A recent tweet by Union Minister Ashwini Vaishnaw celebrates the success of the Make in India initiative, particularly in the mobile industry over the past nine years. According to him, the nation has witnessed a remarkable transition from a 78 per cent import dependency in 2014 to an impressive 99.2 per cent of all mobiles sold in India now proudly bearing the 'Made in India' label! We can find similar success stories across other sectors too.
The government of India launched this initiative in September 2014 as part of an ambitious vision to transform India into a hub for manufacturing, design and innovation. The objective was to encourage Indian and global companies to manufacture products in India. It would help attract Foreign Direct Investment (FDI) to spur economic and industrial growth, create jobs and decrease import dependency.
The initiative covers 27 sectors, including automobiles and auto components, pharmaceuticals, electronics and electrical equipment. Trends indicate that it seems to be putting India in an advantageous position.
For a growing economy with a young population, the most significant advantage is the job opportunities it creates. The latest Periodic Labour Force Survey (PLFS) dashboard says:
Also, India is becoming self-reliant by reducing imports, skilling its people more efficiently and becoming a globally sought-after investment and manufacturing destination.
Let's look at five trends that define the impact of Make in India on the job market scenario.
1. Creation of manufacturing jobs
The manufacturing sector in India saw nearly 35.6 million employees in FY 2023. Some major global manufacturers producing in India are Renault, Suzuki, Samsung Electronics, Xiaomi, Honda, Nokia and Apple (through its contract electronics like Foxconn, Wistron Corp and Pegatron Corp). Industry reports say the Electric Vehicle (EV) industry can add 10 million direct jobs and 50 million indirect jobs by 2030.
A recent Boston Consulting Group article titled Harnessing the Tectonic Shifts in Global Manufacturing confirms that India is a rapidly emerging export market. Original Equipment Manufacturers (OEMs) across industries, such as electronics, chip companies, automakers, toymakers, etc., are setting up shop in India, leading to more jobs. India is seeing a shift in job creation from traditional farming to non-farm sectors.
2. Skill development and DEI
The Skill India initiative is training our youth to become more employable. Many corporates have started upskilling and reskilling initiatives as part of their career development strategy. For example, automotive companies have implemented 'train and employ' programmes to meet the demand-supply gap.
The gig economy and flexi-staffing have become prominent employment trends. Not surprisingly, a Niti Ayog report proposed a skill development platform for gig workers to improve employability. A World Economic Forum (WEF) Future of Jobs Report 2023 says reskilling and upskilling are among the industry priorities for the next five years. Also, DEI remains a key strategic initiative to improve talent availability. Many auto manufacturers have already implemented exclusive diversity hiring drives, women-only assembly lines and so on. The latest PLFS dashboard says female labour force participation now stands at 37 per cent.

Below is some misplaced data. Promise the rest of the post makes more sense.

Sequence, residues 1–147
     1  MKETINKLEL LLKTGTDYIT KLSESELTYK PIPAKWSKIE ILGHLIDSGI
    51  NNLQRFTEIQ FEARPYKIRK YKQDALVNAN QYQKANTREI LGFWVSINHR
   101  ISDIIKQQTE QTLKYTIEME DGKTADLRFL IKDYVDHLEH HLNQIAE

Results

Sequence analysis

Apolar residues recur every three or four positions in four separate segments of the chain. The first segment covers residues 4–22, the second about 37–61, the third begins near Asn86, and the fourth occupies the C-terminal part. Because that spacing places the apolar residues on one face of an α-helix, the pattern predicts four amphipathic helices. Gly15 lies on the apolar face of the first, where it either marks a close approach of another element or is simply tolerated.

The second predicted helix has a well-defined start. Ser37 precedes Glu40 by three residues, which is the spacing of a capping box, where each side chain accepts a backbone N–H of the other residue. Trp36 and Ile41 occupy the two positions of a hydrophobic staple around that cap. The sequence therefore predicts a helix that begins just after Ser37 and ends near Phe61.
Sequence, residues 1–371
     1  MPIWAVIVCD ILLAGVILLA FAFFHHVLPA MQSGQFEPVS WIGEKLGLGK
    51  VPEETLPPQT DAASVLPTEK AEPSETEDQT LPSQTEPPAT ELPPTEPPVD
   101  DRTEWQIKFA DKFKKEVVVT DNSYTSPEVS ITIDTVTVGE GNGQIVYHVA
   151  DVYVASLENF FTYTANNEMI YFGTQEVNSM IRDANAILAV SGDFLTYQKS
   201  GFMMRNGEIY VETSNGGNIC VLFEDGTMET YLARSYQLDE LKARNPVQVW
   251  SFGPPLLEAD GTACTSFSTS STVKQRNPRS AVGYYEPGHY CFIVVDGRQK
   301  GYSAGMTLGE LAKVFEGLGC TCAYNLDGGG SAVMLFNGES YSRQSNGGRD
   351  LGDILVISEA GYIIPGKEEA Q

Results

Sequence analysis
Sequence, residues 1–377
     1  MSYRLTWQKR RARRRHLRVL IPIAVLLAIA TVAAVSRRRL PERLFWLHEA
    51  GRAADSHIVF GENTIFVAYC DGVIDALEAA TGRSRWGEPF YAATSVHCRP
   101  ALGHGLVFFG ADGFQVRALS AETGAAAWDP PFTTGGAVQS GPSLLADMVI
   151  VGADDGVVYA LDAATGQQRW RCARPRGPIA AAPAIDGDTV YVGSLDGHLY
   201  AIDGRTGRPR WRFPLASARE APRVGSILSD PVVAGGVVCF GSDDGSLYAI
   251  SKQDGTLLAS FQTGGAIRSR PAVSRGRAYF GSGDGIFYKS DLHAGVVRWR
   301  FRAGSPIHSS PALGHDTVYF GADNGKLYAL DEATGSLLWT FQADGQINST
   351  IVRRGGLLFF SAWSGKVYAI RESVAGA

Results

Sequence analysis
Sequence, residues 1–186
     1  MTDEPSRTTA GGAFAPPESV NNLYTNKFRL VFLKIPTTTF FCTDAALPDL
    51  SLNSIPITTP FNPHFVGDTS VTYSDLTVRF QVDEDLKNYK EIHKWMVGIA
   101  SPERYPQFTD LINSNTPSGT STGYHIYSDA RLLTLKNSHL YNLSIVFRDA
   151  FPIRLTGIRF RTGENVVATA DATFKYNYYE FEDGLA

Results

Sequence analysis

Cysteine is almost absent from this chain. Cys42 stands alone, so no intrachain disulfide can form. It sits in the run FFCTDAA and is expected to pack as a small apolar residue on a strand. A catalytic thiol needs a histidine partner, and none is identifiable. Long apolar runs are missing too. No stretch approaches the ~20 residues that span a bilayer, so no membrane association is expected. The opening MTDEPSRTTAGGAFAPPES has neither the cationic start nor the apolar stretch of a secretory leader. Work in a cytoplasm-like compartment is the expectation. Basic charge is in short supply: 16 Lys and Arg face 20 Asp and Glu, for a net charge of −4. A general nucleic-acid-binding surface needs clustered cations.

3. Attracting FDI and the rise of green jobs
Since 2014, FDI inflows have steadily increased, except for a minor dip during Covid. In 2022, it stood at USD 49.35 billion, amounting to 1.47 per cent of GDP, with sectors like auto and auto components, electrical machinery and textiles benefitting immensely. FDI trends indicate the success of various policy changes that moved India to rank 63 in an ease of doing business report.
The WEF report says that India is among the top three countries to generate green jobs, led by the oil and gas and manufacturing sectors. It also says broader applications of ESG standards have a 61 per cent impact on job creation in India.
4. The tech angle
The Indian job market will witness a 22 per cent churn over the next five years, with the top emerging roles coming from AI, machine learning and data segments, says the WEF report. Technology will play a significant role through additive manufacturing, robotics and IoT, among others, spurring the Industry 4.0 revolution. According to NASSCOM, 60 per cent of enterprise CXOs expect to shift more work from their global headquarters to Indian GICs in the next three to five years.
All these trends indicate an overall positive outlook, as confirmed by the WEF report. It says India was more positive than the global average for talent availability while hiring. Daily news reports of many MNCs making a beeline to India affirm this belief further.
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